The director of the supposed first movie to be shot in space said the previously announced action-packed blockbuster might actually impossible to do. This spells bad news for Tom Cruise fans who have been yearning for the actor's next thrilling action film for several years now.
Early this month, NASA confirmed their partnership with SpaceX to film a movie in the International Space Station (ISS). The movie would feature the Mission Impossible star, although it would not be part of the Mission franchise, according to CNET.
Fans worldwide have been eagerly anticipating this movie which "Edge of Tomorrow" director Doug Liman was set to also direct. The film would have made a significant contribution to showing the actual conditions and behavior of physics in space.
However, it was announced that shooting a film beyond Earth would be impossible, this was according to the first-hand experience of the creator of the first movie that was entirely shot in outer space.
Tom Cruise's SpaceX blockbuster may not be an action film after all
In 2008, video game developer and space tourist Richard Garriott, who is also the son of NASA Skylab astronaut Owen Garriott, paid $30 million for a ticket on the Soyuz. Garriott spent two weeks on the ISS as a private citizen where he shot and edited the 5-minute short film "Apogee of Fear" while he was controlling the Soyuz' power systems and adjusting to life on the ISS.
After the experience, Garriott concluded that it is so much harder and slower to shoot in space. "If you think about a movie, the pre-production is critical," he told CNET via a Zoom call.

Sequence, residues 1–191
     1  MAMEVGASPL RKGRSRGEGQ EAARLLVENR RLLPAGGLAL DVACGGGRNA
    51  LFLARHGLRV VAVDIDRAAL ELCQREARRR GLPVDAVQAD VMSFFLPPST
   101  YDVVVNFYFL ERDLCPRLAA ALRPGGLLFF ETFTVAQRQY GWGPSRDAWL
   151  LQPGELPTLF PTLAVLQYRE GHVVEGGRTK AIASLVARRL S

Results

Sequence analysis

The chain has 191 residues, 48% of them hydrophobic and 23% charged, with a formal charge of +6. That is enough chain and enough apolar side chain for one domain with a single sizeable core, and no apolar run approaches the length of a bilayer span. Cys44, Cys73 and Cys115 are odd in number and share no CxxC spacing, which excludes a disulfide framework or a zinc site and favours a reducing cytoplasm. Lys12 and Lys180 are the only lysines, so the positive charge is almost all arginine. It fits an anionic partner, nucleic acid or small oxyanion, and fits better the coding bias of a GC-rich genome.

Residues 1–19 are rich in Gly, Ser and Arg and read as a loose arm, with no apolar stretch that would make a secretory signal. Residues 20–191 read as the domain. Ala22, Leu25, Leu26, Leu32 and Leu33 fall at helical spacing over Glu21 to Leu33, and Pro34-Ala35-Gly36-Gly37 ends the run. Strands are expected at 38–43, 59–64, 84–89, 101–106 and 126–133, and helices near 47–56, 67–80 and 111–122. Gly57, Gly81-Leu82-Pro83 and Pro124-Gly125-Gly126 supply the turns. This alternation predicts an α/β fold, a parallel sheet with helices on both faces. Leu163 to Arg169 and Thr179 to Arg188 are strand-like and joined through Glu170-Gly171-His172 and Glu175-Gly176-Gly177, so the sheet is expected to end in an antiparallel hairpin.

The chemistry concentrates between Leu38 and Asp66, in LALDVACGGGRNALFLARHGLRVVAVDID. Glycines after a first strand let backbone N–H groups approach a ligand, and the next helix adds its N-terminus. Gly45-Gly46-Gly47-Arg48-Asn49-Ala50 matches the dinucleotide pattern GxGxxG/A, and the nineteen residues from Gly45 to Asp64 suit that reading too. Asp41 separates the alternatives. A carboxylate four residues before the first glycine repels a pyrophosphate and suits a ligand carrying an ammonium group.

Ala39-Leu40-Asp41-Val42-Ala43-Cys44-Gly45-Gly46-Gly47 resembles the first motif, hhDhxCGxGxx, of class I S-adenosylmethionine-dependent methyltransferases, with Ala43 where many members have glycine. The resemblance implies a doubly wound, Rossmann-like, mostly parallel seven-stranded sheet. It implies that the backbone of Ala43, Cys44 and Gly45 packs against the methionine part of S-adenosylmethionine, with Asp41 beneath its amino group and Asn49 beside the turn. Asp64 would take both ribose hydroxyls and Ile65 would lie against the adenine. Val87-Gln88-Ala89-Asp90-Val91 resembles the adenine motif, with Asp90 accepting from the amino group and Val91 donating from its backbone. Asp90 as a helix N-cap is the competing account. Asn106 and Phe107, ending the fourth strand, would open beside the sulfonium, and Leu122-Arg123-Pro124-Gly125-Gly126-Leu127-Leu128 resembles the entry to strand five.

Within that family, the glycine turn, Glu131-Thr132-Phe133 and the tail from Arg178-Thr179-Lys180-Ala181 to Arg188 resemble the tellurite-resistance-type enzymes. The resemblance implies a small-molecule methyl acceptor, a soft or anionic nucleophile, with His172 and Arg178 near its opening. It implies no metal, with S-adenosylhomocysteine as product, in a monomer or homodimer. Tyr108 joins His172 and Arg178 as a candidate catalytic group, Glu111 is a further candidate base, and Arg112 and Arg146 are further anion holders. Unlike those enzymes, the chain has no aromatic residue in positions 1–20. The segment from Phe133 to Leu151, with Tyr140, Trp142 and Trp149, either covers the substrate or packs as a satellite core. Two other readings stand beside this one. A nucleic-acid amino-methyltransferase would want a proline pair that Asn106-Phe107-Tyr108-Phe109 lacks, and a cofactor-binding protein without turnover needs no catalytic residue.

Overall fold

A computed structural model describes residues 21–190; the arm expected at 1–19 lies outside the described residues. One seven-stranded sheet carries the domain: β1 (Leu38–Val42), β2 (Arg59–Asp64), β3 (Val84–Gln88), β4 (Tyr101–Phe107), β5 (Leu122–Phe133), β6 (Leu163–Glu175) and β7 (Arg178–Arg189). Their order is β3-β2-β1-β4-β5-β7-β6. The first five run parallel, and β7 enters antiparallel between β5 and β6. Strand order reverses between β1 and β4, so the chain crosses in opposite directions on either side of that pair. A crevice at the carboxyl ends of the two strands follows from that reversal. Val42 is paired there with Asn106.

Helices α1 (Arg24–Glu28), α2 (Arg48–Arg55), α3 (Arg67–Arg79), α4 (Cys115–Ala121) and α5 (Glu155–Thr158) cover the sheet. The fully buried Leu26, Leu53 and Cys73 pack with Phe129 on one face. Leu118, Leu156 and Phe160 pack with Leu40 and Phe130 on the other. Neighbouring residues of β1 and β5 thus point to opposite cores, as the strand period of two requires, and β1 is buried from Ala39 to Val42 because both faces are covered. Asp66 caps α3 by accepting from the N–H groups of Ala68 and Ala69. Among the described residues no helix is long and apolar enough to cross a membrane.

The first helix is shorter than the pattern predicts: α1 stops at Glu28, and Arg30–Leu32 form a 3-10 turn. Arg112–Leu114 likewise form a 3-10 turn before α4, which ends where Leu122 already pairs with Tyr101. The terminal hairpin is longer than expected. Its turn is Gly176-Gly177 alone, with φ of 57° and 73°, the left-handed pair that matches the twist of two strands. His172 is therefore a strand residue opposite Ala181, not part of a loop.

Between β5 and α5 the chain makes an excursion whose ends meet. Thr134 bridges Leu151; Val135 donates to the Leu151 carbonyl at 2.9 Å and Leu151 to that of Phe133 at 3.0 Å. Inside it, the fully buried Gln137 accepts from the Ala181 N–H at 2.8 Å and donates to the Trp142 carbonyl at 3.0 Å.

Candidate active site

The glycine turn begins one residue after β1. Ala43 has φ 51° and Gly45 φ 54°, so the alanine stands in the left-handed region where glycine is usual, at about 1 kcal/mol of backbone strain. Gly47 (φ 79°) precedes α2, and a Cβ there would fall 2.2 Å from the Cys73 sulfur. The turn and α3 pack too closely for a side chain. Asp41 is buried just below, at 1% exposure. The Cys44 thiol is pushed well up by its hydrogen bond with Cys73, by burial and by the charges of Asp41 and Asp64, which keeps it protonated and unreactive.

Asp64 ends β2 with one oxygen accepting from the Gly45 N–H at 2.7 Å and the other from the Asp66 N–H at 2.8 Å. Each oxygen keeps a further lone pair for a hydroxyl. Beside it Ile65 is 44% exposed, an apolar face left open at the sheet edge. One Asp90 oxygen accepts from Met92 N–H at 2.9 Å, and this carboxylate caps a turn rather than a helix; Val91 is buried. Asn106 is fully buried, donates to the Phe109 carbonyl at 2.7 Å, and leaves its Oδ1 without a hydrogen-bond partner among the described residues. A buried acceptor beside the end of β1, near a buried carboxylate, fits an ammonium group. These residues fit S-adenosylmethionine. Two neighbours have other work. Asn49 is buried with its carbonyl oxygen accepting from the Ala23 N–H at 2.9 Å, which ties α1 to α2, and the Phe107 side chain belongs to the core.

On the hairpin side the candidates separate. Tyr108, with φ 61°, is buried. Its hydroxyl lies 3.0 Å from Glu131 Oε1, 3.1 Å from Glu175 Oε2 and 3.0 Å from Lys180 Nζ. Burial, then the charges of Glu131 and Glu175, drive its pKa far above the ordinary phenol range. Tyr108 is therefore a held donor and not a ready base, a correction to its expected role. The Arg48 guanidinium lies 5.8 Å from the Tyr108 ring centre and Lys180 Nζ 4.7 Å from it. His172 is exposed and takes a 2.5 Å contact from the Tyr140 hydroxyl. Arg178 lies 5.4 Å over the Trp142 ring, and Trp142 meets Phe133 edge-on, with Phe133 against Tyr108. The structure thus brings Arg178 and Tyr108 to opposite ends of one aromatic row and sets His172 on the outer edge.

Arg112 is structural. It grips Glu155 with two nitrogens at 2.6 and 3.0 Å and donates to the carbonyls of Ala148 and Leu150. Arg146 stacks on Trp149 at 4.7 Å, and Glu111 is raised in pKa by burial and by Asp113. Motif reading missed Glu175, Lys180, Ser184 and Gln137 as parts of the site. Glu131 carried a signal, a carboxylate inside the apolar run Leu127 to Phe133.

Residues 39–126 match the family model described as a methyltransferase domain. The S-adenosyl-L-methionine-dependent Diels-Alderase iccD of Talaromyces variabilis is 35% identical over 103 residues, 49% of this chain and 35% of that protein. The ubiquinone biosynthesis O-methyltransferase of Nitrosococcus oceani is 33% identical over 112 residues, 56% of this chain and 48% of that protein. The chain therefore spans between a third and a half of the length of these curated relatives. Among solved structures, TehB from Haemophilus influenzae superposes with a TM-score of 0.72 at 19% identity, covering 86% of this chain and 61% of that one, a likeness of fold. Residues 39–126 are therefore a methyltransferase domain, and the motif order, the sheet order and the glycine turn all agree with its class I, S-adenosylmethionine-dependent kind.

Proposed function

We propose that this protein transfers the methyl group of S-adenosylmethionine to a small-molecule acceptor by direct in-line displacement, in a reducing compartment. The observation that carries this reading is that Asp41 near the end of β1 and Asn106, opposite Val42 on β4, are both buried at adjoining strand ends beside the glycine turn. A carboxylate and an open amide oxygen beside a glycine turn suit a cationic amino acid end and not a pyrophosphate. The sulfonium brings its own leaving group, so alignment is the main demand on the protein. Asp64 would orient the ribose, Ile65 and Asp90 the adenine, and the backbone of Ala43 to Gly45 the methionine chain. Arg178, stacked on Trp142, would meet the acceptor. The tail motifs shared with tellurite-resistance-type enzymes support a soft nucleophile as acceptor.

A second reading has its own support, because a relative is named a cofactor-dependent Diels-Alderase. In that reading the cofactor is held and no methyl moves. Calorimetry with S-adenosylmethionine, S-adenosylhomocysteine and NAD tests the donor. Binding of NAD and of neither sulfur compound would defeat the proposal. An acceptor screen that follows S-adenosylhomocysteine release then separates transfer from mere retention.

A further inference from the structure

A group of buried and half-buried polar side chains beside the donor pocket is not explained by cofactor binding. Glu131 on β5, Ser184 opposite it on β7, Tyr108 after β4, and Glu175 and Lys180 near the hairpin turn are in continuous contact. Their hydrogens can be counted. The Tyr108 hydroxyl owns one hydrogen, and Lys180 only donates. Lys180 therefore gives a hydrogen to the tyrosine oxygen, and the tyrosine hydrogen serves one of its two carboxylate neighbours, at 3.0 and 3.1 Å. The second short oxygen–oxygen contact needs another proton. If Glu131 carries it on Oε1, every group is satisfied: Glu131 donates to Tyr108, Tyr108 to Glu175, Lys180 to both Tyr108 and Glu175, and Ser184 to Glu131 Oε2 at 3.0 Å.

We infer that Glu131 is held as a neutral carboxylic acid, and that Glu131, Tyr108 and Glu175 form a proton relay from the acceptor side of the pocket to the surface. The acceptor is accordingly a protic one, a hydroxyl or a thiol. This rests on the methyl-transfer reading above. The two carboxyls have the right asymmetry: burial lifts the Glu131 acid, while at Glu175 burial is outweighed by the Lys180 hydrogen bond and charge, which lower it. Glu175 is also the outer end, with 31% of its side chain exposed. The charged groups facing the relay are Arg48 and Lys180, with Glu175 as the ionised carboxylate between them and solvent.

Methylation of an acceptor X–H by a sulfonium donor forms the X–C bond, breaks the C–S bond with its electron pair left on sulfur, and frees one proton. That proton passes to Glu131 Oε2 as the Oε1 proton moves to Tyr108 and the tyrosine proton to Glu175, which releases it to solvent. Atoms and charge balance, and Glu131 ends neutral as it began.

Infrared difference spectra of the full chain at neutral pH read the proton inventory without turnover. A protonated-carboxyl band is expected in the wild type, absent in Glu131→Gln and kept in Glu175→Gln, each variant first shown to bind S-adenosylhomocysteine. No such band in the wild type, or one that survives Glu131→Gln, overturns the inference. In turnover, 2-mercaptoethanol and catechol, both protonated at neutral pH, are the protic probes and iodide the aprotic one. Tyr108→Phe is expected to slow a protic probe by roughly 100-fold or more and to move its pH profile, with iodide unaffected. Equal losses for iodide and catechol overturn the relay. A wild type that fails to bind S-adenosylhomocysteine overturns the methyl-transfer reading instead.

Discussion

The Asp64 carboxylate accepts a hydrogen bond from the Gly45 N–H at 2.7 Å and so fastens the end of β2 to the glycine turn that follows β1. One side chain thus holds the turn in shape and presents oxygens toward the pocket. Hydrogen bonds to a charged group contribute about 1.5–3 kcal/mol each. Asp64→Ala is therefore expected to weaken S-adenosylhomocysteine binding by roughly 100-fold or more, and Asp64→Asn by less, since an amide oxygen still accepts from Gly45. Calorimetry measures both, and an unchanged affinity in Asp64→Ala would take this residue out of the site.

Garriott also said that the experience of having every shot while in space is far worse than when doing it on-site, even with a large crew. In space, every moment of the crew is more expensive, and "every shot is far harder to get."
Garriott prepared his storyboard and full shot list while on Earth. He also plotted out the astronauts he would need in the scene. He even included movements and dialogues with translations for the Russian cosmonauts aboard the ISS.
However, space continued to throw him hurdle after hurdle. The movement in space is hard to plot as props don't stay in place and sound management is terrible because the fans that circulate air on the ISS make for bad audio.
More importantly, Garriott, who was a first-time filmmaker, found it difficult to move around the ISS. He said that astronauts push their toes on the floor to reach something on another surface. However, if they push too hard by accident, they might end up smacking their "head hard on the other side."
After some adjustments, Garriott learned that space is not for fast movement. If that would be the case, how then can a Tom Cruise movie in space be possible?
Garriott advised the creative team to consider making "A Space Odyssey"-like film, instead of an Armageddon action movie. "The reality of filming in space may mean that either they will find that filming a lot of those action scenes will have been easier on Earth, where it's more controllable, or they will have to adjust what they mean by an action movie," he said.